In 1994, a thirteen year old boy disappeared from San Antonio, Texas. Three and a half years later, he is found alive and well thousands of miles away in Europe. He tells a story of kidnap and torture when he returns. While his family is excited to bring him home, all is not as it seem.Written by
At the beginning of the film, Frédéric Bourdin's hair line is very defined and has dark hair. But by the end of the film he has a noticeable receding hairline. However, the film portrays his talking scenes as one long interview as his shirt never changes. See more »
Frédéric Bourdin - Imposter:
Before I was born, I definitely had the wrong identity. I already didn't know - I was already prepared not to know who I really was. A new identity with a real passport, an American passport... I could go to the U.S., go to school there, live with that family, and just being someone and don't have never again to worry about being identified. I saw the opportunity.
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You Rascal You
Performed by Hanni El Khatib See more »
True or False?
If every detail of this didn't actually happen, it would be a fictional best-seller. Nicholas Barclay, a 13-year-old blonde-haired, blue-eyed Texan boy went missing in 1994. Three years later, on a rainy night in Spain, a person made a call to the police, claiming to be that boy. That person was in fact mentally afflicted con artist Frederic Bourdin, an Algerian orphan, who had a history of impersonating missing and fictional children.
What an intriguing story, I hear you say. There's no question that it is. It might have been even more intriguing if the US media hadn't presaged this documentary, and therefore limited its potential impact, by covering the story in minute detail at the time of its unearthing, only 15 years ago.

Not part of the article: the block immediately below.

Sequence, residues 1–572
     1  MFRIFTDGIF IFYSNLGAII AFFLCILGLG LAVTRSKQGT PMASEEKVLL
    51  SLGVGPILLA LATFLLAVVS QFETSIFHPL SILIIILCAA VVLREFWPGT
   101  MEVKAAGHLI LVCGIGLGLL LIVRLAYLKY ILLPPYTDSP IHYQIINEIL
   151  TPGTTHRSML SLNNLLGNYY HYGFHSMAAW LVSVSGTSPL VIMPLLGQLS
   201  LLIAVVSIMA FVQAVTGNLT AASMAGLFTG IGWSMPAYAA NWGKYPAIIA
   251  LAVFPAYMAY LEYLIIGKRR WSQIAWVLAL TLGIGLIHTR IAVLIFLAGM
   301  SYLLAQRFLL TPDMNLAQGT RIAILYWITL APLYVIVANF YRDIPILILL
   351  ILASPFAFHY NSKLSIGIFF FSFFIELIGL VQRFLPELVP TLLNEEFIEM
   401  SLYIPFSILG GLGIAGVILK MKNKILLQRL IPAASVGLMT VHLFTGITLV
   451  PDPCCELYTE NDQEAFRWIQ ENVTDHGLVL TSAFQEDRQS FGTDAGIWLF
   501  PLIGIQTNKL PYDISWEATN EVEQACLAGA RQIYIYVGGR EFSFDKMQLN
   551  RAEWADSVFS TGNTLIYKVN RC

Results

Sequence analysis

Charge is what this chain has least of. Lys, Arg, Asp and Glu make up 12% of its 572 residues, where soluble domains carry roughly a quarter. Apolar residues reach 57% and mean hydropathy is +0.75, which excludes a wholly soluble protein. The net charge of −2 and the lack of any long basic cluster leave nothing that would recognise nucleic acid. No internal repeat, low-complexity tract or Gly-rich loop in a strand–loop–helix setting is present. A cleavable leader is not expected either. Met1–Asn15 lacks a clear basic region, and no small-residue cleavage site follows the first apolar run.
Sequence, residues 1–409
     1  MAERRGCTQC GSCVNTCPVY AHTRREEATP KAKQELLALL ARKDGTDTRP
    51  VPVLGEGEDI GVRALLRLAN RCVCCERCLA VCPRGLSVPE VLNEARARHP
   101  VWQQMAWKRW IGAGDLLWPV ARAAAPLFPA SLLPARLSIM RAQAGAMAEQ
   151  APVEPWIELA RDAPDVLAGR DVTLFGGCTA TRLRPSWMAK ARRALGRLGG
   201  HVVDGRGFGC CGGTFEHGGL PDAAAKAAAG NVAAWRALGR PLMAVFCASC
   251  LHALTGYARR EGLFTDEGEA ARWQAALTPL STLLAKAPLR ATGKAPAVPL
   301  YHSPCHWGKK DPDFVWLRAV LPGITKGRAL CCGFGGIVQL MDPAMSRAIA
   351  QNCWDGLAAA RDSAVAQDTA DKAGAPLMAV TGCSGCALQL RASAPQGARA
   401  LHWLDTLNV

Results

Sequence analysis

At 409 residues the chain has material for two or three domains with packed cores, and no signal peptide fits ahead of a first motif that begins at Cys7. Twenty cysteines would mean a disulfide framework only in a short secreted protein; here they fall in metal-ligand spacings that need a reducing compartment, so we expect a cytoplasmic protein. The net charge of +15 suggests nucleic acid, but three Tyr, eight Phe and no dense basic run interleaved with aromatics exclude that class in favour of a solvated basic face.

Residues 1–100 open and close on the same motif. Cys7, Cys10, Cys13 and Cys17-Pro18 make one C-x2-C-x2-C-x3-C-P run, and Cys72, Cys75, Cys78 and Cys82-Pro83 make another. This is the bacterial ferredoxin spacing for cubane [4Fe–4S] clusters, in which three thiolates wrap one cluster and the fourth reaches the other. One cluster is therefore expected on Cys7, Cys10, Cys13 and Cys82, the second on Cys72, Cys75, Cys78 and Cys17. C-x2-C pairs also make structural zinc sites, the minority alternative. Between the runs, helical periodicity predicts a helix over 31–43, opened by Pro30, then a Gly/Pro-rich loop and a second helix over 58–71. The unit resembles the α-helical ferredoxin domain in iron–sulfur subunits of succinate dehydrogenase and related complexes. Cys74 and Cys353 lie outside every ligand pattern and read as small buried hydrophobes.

Filmmaker Bart Layton chooses the annoying reconstruction technique, more at home in TV than in cinema; and yet he had the material for a heart-pounding thriller. Frederic Bourdin is allowed too much screen time, which he uses to gloat about how he ingeniously fooled the authorities and Nicholas's family into believing the implausible reason for his radical physical transformation, memory loss and new French accent. This over-familiarity with the villain and his modus operandi helps sanitise him and makes him appear less dangerous.
'The Imposter' was not made purely for entertainment purposes. The documentary asks whether Bourdin's actions were acceptable; after all, he was an orphan whom the authorities didn't care much for. This was his way to be 'reborn' and to be loved by a family who Bourdin still maintains never truly believed he was their son, but nonetheless accepted him because he was willing to be accepted.
The twist in the tale came when Bourdin made a full confession to dogged Private Investigator, Charlie Parker (who looks so much like a film PI). Bourdin claimed that the family murdered Nicholas, and embraced him as a way of closing the case. I admit that a cold chill ran down my spine every time Nicholas's mother is interviewed. The black t-shirt she wears with a blank expression, denying her guilt with verbose but carefully delivered sentences, does cause the question to hang.
With all their power and their reputation, the Federal Bureau of Investigation fell for a trickster. It beggars belief. FBI agent Nancy Fisher talks at some length to defend her actions. Despite reservations about his true identity, Frederic's correct identification of some family photos (coincidentally showed to him by Nicholas's sister a few days prior) was apparently enough for them to send him to the States. And yet we're reminded of how rare it is for missing people to reappear (they're usually assumed dead).
The family may have had their own reasons to be taken in by Bourdin, but the authorities - they couldn't have truly believed Bourdin was Nicholas, could they? Is it not just conceivable that this 'reunion' was allowed to happen because it allowed America to once again be the world's greatest country? Who knows? What we do know is that Nicholas Barclay is still missing, and Bourdin now lives happily in France with a wife and three kids.
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